Lucifer, the hippopotamus So we did the next best thing and headed a few miles south to Homosassa Springs Wildlife Park. On the boat ride from the park entrance, our guide (whose accent indicated pointed to origins farther north, say Long Island) gave us the twisting Floridian history of this park, originally set up as an exotic animal park that including monkeys and a hippo (Lucifer, who is still in residence).

When the State of Florida took over the park, they turned it into a showcase of native animals. So in addition to the half dozen manatees, some of whom were injured and others of whom are permanent residents, we saw Florida panthers, river otters, and a whole host of cranes, flamingos and raptors.

As a Florida kid, I’d heard a lot of the manatee basics before. They’re marine mammals, slow moving, and herbivores, and they’re often injured in boating accidents. But my image of those boating accidents had always been run-ins with slashing speed boat propellers. That’s one possible injury, but the big danger is that collisions will watercraft can lead to broken ribs and punctured lungs. Unable to float (and breathe), they’ll drown. Because of their migratory patterns from the warm Florida waters in winter before ambling north, sometimes as far as New York, they aren’t bred in captivity. To maintain these patterns, captive breeding programs can’t help support the wild populations, they need to learn them in the wild.

active river otters
River otter
Sandhill crane
Florida sandhill crane

 

 

Photos by Preston Foerder

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From the Petri Dish to the Backyard Grill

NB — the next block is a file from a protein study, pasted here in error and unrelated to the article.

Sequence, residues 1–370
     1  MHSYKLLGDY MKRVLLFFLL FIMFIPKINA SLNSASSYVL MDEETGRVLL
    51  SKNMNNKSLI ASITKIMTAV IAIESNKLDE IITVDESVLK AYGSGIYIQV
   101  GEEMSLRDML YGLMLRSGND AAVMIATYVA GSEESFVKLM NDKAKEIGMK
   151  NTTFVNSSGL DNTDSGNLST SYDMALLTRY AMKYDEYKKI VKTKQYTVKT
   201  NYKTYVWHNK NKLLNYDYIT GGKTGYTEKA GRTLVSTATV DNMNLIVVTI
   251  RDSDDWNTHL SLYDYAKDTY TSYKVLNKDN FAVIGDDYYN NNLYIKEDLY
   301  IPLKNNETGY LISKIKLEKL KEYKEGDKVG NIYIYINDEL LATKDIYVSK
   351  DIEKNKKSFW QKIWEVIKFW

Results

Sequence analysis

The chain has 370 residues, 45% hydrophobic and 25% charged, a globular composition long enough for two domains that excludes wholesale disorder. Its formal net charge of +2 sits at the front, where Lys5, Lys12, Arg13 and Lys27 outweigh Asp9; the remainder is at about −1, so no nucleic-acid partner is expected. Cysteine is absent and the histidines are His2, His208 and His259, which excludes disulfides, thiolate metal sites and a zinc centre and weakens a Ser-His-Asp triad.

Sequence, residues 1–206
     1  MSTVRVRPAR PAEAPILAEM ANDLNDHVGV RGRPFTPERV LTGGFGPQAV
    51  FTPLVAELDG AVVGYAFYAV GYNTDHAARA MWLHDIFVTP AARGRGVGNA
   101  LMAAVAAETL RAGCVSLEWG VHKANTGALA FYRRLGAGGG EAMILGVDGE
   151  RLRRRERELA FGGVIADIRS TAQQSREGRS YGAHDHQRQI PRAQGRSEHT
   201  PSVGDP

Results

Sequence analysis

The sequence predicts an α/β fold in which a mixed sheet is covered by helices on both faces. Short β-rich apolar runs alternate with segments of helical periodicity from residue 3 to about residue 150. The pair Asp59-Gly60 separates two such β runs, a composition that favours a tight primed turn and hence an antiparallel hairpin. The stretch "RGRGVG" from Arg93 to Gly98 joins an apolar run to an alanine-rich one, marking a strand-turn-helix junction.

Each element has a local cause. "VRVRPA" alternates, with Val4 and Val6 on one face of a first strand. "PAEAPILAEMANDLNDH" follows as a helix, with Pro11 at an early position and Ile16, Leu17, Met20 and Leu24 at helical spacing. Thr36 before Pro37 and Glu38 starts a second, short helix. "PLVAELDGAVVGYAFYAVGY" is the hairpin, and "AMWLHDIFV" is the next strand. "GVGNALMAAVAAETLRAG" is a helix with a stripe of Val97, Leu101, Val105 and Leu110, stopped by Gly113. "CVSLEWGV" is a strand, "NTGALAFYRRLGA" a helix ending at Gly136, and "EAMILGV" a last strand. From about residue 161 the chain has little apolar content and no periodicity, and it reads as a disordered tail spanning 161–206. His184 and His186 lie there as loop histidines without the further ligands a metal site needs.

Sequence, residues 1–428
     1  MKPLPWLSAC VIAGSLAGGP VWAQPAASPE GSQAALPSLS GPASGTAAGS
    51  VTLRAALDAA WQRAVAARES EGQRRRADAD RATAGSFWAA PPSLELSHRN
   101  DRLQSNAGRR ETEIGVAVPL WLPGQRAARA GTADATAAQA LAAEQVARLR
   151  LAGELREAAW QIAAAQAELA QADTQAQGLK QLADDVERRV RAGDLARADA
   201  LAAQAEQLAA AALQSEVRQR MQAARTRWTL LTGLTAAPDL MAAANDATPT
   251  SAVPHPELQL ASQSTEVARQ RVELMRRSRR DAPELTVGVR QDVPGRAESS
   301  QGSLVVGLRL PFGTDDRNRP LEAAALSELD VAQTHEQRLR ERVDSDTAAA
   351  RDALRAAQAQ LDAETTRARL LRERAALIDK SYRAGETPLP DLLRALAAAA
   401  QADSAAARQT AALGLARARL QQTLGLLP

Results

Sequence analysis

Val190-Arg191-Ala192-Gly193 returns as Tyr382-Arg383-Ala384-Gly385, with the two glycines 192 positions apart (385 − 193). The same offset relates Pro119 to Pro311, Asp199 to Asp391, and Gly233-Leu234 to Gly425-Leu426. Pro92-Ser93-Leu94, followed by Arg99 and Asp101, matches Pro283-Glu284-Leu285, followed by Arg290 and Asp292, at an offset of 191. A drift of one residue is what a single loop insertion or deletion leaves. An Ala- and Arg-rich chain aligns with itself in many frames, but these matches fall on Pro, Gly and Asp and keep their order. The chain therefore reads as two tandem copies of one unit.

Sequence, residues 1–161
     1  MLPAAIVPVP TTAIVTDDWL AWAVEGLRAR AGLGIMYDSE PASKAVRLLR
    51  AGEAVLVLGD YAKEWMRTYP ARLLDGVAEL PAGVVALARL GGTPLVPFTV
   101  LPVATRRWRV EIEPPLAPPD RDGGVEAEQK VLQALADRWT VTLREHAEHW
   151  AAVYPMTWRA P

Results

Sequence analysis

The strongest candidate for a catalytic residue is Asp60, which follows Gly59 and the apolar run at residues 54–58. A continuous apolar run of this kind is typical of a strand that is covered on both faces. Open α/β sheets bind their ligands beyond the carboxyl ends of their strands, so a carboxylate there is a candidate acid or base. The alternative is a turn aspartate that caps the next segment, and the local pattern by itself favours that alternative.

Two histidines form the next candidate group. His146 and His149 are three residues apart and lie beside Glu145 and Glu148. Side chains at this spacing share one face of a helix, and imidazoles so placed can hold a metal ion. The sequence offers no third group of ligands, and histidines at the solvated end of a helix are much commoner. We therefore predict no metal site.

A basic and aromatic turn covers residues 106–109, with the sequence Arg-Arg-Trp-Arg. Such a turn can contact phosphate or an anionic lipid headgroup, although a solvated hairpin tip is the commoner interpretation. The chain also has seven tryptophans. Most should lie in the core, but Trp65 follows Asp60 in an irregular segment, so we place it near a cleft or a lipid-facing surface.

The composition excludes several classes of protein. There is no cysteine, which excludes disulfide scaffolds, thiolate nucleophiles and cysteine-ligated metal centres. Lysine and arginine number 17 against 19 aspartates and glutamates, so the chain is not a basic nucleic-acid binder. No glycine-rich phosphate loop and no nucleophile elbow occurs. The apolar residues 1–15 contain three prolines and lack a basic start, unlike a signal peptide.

photo by stevendepoloEven if you wanted to, you couldn’t buy test-tube hot dogs for your Memorial Day barbecue, but maybe in a decade or so we’ll all be noshing on barbecued goodies raised in the sterility of a laboratory near you. Doesn’t that sound tasty? Or yucky?  For me, it’s a little bit of both.

I’m fascinated by in-vitro meat. In part, I’m drawn in by this strange intellectual and visceral war it brings out in me. The resulting meat could eventually be tasty and environmentally sustainable. At the same time, I like good, real food. I just joined a CSA. I grow herbs and vegetables. My parents each grew up on farms. I can see where science might be able to feed people with high quality meat from a lab. But, intuitively,  my body isn’t quite sure whether I’d like it. Considering how wary I used to be of “mystery meat” in school cafeterias, it’s hard to figure out whether there’s a real future for it in supermarkets and restaurants.

I love the complex cast of characters that enter the discussion of lab-grown meat: a hodge podge of scientists from stem cell researchers to engineers, animal rights activists, chefs, food activists and sustainability experts. So Michael Specter‘s New Yorker story, “Test-Tube Burgers” was right up my geeky alley.

Lab-grown meat is a fascinating tissue-engineering problem, with all the same challenges of building organs in a laboratory for transplant. It has all the great drama of an automated architectural design challenge. What structures, conditions and chemicals do you need to allow a few seed cells to produce the marbled muscle that becomes good meat. The biggest scientific challenge is producing blood vessels to feed the tissue and create meat-like texture.

Specter’s story connects all of the threads of science, food, sustainability and even “the yuck factor” right back to the Petri dish. If you have a chance this weekend, it’s worth the read. I dare you to read it while the burgers are on the grill.